The community of Burford is over 219 years old, and was a prominent British outpost by the time of the War of 1812. The pioneer cemetery land was donated by Loyalist settler John Fowler in 1799. The first burial took place in 1800. It’s the final resting place for many prominent local figures...
The gateway to Ontario's southwest
Known as the gateway to Ontario’s southwest, the area which encompasses Brant County, the City of Brantford, Six Nations of the Grand River Territory, and the Mississaugas of the New Credit First Nation, is also the location of many intriguing moments in Canadian history, not to mention home to several notable Canadians.
Long before European settlement, the Grand River Valley was a major First Nations trading district. Details of its rich, 11,000-year heritage can be found at the Woodland Cultural Centre in Brantford.
Early settlers recognized the strategic importance that informed the river’s stately passage from its headwaters near Georgian Bay to its mouth at Lake Erie. Paths that led to crossings became key to settlement of Upper Canada’s wilderness.
In 1784, the British government granted land six miles on either side of the river from Lake Erie to present-day Fergus to its First Nations allies when they left the United States for Canada after the American Revolution. One of those who arrived in this newly formed territory was Joseph Brant (Thayendanegea), who would eventually open it to European and American settlers.
The area and its residents were of great tactical importance during the War of 1812. Twice, the great General Isaac Brock visited to win support of the Six Nations community, which became a valued ally. Then, on November 6, 1814, after high river waters thwarted American plans to raid Grand River and Lake Ontario settlements, they decided to retreat and encountered Canadian militia near Oakland and Scotland at Malcolm’s Mills.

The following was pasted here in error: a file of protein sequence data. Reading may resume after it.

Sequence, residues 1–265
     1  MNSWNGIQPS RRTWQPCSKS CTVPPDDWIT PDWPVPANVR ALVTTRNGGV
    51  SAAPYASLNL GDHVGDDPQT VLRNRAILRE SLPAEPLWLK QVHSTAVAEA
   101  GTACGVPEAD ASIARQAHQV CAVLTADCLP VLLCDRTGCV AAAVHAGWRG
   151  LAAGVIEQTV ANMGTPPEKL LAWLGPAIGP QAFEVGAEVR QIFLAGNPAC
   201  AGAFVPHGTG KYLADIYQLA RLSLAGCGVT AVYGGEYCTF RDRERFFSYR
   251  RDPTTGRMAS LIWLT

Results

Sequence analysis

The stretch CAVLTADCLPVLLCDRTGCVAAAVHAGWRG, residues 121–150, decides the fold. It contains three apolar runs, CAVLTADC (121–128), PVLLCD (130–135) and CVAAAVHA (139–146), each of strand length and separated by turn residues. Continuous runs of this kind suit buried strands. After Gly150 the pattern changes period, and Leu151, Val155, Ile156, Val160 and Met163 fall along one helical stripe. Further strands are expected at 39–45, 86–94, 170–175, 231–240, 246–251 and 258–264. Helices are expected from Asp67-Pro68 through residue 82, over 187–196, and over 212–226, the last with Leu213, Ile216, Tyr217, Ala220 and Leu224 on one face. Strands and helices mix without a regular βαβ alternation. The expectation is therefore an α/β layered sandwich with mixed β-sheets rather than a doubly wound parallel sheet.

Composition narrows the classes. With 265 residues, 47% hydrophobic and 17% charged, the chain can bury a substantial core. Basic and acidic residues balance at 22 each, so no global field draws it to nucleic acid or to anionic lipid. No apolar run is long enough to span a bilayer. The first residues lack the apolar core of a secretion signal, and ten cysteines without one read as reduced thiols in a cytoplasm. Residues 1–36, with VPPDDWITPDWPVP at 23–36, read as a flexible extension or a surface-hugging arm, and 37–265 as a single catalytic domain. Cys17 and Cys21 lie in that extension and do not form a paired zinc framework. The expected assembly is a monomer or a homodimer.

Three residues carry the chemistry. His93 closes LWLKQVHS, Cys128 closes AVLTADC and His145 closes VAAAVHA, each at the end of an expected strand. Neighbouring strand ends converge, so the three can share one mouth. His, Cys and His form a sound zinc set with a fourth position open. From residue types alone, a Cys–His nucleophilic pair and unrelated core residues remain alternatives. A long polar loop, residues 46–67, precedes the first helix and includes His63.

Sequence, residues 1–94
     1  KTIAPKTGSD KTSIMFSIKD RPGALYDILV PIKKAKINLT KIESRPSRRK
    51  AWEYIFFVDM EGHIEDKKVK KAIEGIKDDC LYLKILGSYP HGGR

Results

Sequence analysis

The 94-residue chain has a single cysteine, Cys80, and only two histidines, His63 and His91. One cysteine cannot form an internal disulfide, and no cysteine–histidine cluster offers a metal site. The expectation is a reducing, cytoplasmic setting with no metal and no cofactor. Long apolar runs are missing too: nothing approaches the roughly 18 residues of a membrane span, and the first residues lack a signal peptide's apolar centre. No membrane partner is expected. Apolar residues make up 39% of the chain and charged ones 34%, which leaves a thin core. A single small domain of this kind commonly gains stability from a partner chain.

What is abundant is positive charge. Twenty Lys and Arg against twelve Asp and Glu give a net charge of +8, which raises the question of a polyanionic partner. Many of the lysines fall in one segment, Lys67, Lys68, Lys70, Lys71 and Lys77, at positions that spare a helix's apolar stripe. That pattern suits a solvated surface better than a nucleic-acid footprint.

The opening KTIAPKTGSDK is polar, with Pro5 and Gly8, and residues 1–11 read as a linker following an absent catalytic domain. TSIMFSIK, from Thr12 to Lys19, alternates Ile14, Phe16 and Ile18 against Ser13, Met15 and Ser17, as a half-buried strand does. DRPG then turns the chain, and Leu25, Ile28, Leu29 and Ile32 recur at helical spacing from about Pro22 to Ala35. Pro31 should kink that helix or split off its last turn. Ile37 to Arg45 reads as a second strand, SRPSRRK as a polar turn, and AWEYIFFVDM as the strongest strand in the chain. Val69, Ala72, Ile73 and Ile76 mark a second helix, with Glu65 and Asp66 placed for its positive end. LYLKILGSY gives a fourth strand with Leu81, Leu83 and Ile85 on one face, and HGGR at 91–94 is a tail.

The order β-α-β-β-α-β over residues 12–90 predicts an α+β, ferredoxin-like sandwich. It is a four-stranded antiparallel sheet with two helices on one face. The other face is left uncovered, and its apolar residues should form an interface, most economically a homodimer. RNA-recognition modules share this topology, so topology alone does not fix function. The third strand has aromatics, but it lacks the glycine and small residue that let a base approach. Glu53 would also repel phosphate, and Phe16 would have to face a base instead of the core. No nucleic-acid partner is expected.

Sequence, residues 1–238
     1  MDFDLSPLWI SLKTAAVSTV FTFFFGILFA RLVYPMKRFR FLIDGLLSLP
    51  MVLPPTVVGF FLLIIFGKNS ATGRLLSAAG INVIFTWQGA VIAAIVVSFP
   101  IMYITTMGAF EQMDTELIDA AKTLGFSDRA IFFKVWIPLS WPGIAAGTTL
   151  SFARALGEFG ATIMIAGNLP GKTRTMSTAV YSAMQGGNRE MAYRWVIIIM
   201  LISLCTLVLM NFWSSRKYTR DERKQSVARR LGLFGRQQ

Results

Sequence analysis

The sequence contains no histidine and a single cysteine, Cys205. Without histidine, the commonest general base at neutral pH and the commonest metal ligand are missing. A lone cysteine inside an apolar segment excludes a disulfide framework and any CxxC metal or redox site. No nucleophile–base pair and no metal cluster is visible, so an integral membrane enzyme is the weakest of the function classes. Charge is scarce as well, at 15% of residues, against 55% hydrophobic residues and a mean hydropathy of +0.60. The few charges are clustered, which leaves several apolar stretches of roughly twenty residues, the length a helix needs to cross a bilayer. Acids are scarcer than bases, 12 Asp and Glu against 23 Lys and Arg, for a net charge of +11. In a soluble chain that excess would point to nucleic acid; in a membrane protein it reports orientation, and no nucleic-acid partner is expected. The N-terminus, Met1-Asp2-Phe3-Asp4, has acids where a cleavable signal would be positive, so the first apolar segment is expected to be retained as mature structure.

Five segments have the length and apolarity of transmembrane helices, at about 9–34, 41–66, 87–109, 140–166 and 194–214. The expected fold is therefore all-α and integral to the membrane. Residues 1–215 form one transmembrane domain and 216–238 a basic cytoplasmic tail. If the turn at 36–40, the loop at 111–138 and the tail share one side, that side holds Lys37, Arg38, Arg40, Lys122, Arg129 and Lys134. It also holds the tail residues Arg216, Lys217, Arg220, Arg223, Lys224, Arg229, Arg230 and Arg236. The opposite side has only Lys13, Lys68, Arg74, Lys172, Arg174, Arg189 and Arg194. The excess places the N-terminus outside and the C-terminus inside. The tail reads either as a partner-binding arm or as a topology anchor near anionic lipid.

Many of the stops along the quilt block trail detail moments from the war. They also highlight the area’s engaging architectural and community heritage.
In Paris, whose industry was built in the 1800s on gypsum deposits and knitting mills, explore the cobblestone homes and breathtaking view of the Grand that once earned the community the title “prettiest little town in Canada.” Paris was also home to legendary Toronto Maple Leafs hockey player and champion pole-vaulter Syl Apps, and the new Paris Museum & Archives can be found in the Syl Apps Community Centre.
In nearby Brantford, hockey great Wayne Gretzky gained his first skating experience in a backyard rink. Telephone inventor Alexander Graham Bell also called this city home.
The Grand River is one of only 37 designated heritage rivers in Canada and as you follow its storied past, enjoy the many other attractions available. With over 70 kilometres of trails, including a portion of the Trans-Canada trail, nature is only a short walk, cycle or snowshoe away. Explore the Grand by boat or raft - and don’t forget to pack your fishing pole!
From outdoor adventures and family fun, tofunky bistros and fine dining, there are dining and recreational experiences to suit everyone’s taste. Savour a delicious strawberry drink, a hallmark in Iroquoian culture, or attend the annual Bread and Cheese Day, a celebration established by Queen Victoria to honour the Six Nations community’s allegiance during the War of 1812. And whether your preference is camping, B&B, hotel or conference centre, the area has it all!
Interested in exploring the region’s rich history further? Visit County of Brant Public Library, Brantford Public Library or one of the area’s 16 museums or galleries for more information www.bmga.ca.